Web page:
Iron, selenium, and chromium

Iron has two important functions. Firstly, it carries oxygen to various body tissues as a component of haemoglobin and myoglobin. Secondly, iron functions as a cellular antioxidant, either as part of the antioxidant enzyme catalyse or by the Fenton reaction. All cells in the body require oxygen and supplementation of iron has been shown to reduce the prevalence of ascites and anaemia. A study in 2019 by Ebbing et al. compared the effects of different iron sources on egg production, eggshell colour, and hatchability of progeny, as well as the haematological status of chicks and their performance. In this study, the researchers found significant improvements in these measured parameters and concluded that iron is vital for metabolism and performance. Iron deficiency has been linked to a reduction in immune capacity and a decrease in antimicrobial activity.

Selenium is a component of glutathione peroxidase and plays an indispensable role in the protection of cells from free radicals and oxidation during times of stress. A deficiency in selenium has been linked to nutritional muscular dystrophy, impaired fertility, and even death.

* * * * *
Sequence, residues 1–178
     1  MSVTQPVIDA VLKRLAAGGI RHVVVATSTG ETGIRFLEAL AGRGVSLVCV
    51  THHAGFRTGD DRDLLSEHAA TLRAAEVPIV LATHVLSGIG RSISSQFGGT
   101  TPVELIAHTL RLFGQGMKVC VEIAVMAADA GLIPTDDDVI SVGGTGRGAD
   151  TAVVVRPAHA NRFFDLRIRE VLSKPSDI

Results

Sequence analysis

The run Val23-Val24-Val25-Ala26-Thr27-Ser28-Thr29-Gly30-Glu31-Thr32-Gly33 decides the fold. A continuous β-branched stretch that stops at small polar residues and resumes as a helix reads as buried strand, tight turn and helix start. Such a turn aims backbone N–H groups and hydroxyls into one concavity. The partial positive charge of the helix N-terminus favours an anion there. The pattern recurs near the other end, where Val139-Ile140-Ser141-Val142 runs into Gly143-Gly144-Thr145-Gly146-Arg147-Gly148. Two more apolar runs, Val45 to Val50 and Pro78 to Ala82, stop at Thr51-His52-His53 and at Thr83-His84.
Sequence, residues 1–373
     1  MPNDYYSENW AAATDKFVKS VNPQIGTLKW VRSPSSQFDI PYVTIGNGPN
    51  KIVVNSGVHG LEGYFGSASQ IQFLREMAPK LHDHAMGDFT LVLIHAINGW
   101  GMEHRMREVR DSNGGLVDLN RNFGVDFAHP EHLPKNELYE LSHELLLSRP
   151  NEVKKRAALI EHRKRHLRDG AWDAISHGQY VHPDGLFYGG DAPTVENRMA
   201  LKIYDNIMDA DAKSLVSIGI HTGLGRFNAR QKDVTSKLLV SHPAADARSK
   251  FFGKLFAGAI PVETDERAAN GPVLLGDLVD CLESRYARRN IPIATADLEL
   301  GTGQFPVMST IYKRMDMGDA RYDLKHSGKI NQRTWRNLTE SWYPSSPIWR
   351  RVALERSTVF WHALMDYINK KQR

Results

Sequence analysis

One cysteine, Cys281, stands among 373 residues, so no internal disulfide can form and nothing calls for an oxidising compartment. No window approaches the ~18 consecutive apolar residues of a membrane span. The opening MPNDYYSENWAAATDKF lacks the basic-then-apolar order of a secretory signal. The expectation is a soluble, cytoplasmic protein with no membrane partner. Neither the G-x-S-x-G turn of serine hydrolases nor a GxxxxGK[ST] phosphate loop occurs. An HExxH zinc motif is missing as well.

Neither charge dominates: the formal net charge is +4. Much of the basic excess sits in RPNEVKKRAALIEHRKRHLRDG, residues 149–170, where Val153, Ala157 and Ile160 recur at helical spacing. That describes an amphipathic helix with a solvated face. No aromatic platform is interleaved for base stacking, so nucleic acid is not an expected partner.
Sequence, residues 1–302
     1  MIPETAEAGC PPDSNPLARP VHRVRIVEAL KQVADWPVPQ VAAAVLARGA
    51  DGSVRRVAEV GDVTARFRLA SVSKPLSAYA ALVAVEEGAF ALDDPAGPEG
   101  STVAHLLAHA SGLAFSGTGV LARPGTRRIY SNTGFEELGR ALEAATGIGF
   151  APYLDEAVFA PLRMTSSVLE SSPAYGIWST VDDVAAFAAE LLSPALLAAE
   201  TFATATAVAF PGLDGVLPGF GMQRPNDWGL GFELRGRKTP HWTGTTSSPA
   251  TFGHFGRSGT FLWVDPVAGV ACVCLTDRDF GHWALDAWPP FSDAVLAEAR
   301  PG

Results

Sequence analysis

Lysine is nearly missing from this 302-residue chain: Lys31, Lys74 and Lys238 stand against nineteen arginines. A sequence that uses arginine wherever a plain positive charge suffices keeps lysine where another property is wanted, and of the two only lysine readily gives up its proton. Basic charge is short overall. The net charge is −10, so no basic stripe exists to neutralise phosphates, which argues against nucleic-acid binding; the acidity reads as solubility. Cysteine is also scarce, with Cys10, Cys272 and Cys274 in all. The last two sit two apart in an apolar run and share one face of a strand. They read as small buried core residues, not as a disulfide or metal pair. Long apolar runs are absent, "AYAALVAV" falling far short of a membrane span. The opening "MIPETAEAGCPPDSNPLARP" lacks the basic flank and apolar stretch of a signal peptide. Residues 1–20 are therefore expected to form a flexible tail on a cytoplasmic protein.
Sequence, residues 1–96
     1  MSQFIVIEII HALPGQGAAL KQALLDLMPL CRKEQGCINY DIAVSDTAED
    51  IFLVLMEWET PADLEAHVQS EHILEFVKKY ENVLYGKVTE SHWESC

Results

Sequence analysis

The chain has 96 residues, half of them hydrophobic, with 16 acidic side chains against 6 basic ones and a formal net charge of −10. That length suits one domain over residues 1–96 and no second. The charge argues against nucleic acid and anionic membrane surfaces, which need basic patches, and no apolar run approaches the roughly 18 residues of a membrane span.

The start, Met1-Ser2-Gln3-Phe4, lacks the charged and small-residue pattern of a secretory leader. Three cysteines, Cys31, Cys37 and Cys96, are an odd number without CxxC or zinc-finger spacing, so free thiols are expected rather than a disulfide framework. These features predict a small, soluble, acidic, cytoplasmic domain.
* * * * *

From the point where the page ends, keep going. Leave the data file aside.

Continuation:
Chromium plays a critical role in glucose metabolism and feed efficiency during stressful conditions. Cortisol is a marker for metabolic stress. With chromium being reported to reduce cortisol levels in the blood, it may be concluded that chromium supplementation can reduce stress levels and the detrimental effects that stress has on the animal.


A breeding hen has a significant task at hand – producing high-quality, fertile eggs for an extended production cycle. The pressure placed on her physiological abilities is high and will require her to be in optimum health. She needs to withstand environmental stressors (feed, water, competition, climate, management), as well as physiological stressors (disease, inflammation, oxidative stress). What is more, she needs to continue producing in the midst of these challenges. The only way she can fulfil this responsibility is if she has been supplied with all the necessary nutrients to satisfy her body’s requirements. Especially when it comes to trace minerals, supplying breeding hens with highly bioavailable forms will better support them in this mission because more minerals will be absorbed and available at the tissue level. As a result, the trace minerals that she needs to build a high-quality egg will be more readily incorporated into the eggshell and egg membranes. Finally, the minerals she needs to transfer to her progeny, for their own development, will be right where they are needed to be absorbed by the embryo. Stay tuned for the next instalment, where this next stage will be explored.